Thursday, June 2, 2016

Watermelon has been dubbed a new superfood

Experts now say that watermelons are packed with vitamins, aid hydration and can even give you clearer skin.

But does it live up to the hype? Here's why you should seriously consider adding watermelon to your diet...


Juicy watermelon flesh is a perfect pick-me-up for skin. We all lose collagen as we age - it's the main reason why our skin starts to look wrinkled.

Melons are packed with beta-carotene, which helps counteract the damage. Eat a good helping of a melon (roughly 180g) and you've had around 20 per cent of your daily requirement of vitamin C, which helps build and maintain collagen, the major structural protein in the skin.


Watermelons owe their gorgeous red colour to the powerful antioxidant lycopene. Weight for weight, you'll find even more of it in the flesh of a watermelon than in a raw tomato.

Eating food rich in lycopene cuts the risk of stroke by almost 20 per cent. One study revealed that people with the highest levels of lycopene were 55 per cent less likely to have a stroke than those with the lowest.

'Lycopene improves the function of our blood vessels and protects against damage from cholesterol in the bloodstream,' says nutritionist Dr Sam Christie, who works with supplement company Nature's Best.

For maximum benefit, pick a super-ripe watermelon with flesh that is especially red.


Thanks to their high levels of lycopene, watermelons boost our immune systems - so they're perfect to help fight off a cold.

More and more research suggests that lycopene can help to destroy early cancer cells. 'Lycopene is such a powerful antioxidant it can disarm free radicals that strain our immune systems, such as pollution, before they harm our bodies,' says Dr Christie.

One study found that lycopene suppressed the growth of breast cancer tumours in mice, while another reported it was instrumental in preventing the growth of prostate cancer cells. Unlike many fruits and vegetables, watermelon can be kept in a fridge for seven days before there is even a slight reduction in lycopene.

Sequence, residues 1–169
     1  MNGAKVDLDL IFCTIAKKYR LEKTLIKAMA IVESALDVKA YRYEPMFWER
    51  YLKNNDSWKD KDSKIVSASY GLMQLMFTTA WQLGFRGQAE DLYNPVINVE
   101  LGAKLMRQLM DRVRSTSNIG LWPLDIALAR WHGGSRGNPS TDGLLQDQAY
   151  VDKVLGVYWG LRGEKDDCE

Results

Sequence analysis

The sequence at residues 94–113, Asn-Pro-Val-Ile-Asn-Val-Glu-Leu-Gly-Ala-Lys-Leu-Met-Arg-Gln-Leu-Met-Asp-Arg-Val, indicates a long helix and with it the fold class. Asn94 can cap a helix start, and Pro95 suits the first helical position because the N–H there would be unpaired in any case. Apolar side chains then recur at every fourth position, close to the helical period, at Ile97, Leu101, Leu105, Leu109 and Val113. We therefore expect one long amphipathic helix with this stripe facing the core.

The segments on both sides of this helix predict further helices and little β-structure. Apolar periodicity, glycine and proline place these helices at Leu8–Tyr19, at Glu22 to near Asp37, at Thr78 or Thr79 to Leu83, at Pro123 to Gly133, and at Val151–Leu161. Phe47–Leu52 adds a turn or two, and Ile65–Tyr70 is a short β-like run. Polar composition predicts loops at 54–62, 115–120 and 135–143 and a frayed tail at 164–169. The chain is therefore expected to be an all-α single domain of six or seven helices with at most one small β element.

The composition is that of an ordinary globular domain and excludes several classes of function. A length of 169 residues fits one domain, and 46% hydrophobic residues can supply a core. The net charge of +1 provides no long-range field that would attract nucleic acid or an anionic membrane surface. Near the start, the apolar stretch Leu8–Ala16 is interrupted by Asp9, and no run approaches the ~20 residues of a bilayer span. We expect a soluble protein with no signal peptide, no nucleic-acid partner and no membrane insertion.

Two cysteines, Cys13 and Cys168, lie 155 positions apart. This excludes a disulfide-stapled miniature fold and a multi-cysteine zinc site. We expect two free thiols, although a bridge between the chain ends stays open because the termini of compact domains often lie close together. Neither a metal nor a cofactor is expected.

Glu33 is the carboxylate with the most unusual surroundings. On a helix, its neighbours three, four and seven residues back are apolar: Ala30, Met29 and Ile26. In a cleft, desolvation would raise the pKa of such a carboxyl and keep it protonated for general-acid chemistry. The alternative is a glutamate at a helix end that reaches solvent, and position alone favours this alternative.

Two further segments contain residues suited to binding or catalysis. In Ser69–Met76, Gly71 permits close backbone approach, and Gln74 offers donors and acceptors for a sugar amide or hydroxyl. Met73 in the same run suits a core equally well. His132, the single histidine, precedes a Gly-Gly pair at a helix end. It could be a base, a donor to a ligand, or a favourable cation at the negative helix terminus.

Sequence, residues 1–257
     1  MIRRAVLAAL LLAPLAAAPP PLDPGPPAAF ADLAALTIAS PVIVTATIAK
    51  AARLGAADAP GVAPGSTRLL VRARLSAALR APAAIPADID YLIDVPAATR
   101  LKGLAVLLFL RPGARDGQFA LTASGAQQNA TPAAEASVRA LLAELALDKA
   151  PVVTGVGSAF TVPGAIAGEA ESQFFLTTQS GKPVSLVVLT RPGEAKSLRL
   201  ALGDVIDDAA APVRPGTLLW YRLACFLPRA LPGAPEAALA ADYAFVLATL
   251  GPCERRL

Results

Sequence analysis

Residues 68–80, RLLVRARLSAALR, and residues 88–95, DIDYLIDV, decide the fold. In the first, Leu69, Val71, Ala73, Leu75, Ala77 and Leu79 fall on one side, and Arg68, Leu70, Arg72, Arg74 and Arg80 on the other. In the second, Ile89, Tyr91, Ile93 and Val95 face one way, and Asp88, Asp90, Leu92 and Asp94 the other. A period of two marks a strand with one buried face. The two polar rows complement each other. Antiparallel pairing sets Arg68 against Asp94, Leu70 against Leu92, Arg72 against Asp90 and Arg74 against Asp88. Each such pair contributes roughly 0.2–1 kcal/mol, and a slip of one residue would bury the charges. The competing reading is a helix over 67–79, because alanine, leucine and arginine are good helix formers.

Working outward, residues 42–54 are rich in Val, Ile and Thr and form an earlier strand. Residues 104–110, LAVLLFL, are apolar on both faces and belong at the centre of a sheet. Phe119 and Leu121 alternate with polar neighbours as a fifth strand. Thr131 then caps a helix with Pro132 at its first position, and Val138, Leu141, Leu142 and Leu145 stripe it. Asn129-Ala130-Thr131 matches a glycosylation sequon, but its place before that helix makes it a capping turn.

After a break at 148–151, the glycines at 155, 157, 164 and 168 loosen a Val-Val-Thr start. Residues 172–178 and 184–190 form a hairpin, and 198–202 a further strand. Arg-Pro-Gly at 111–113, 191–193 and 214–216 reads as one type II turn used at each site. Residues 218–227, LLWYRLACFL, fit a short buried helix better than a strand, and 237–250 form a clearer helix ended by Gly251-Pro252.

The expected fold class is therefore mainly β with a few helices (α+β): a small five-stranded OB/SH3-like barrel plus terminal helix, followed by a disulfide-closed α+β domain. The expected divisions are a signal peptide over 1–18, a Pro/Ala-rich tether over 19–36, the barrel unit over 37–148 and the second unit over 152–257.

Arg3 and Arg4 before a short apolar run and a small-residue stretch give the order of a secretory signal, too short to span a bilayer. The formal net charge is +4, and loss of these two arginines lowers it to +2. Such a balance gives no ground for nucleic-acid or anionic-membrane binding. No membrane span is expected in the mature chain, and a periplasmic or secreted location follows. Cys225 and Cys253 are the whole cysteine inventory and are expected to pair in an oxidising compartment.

If your muscles ache after a workout at the gym or when you've spent too long hunched over your computer, try a slice of melon. Watermelons are rich in potassium, which helps to regulate the actions of your nerves and muscles.

What's more, the potassium helps your body to retain calcium, resulting in stronger bones and joints.

Melons also contain citrulline to help improve circulation. This amino acid takes its name from the Latin for watermelon: citrullus lanatus.

'Watermelons are great at transporting water in and out of our cells. They help circulation and keep our whole body hydrated,' says Dr Christie.


Watermelons contain choline, a nutrient found in eggs, turkey and broccoli, which helps to regulate our internal body clocks.

So, if you've had a series of late nights, a slice of juicy melon could help. The choline will help to keep you alert and focused - its other use is in aiding memory.


With zero fat and just 40 calories per serving, you can eat as much melon as you like without worrying about piling on the pounds. Watermelons are virtually calorie free, and their 92 per cent water content is great at helping your body flush out nasty toxins.

And, if you are feeling bloated through water retention, the citrulline they contain will help to get your kidneys working more efficiently.

Preliminary studies in animals suggest citrulline may also reduce the accumulation of extra fat in our bodies by blocking the activity of a particular enzyme, TNAP (tissue-nonspecific alkaline phosphatase).


Citrulline, which converts into a substance called arginine in the body, also plays a big part in promoting a healthy blood flow.

To prove the point, scientists at Texas A&M University studied the impact on one particular part of the male physique. 'We discovered that arginine boosts nitric acid and has the effect of relaxing the blood vessels - the same basic effect that Viagra has,' says researcher Dr Bhimu Patil.

But before you start feeding your partner watermelon at bedtime, be warned. He'll need to eat several kilos to see any effect.

Source: dailymail

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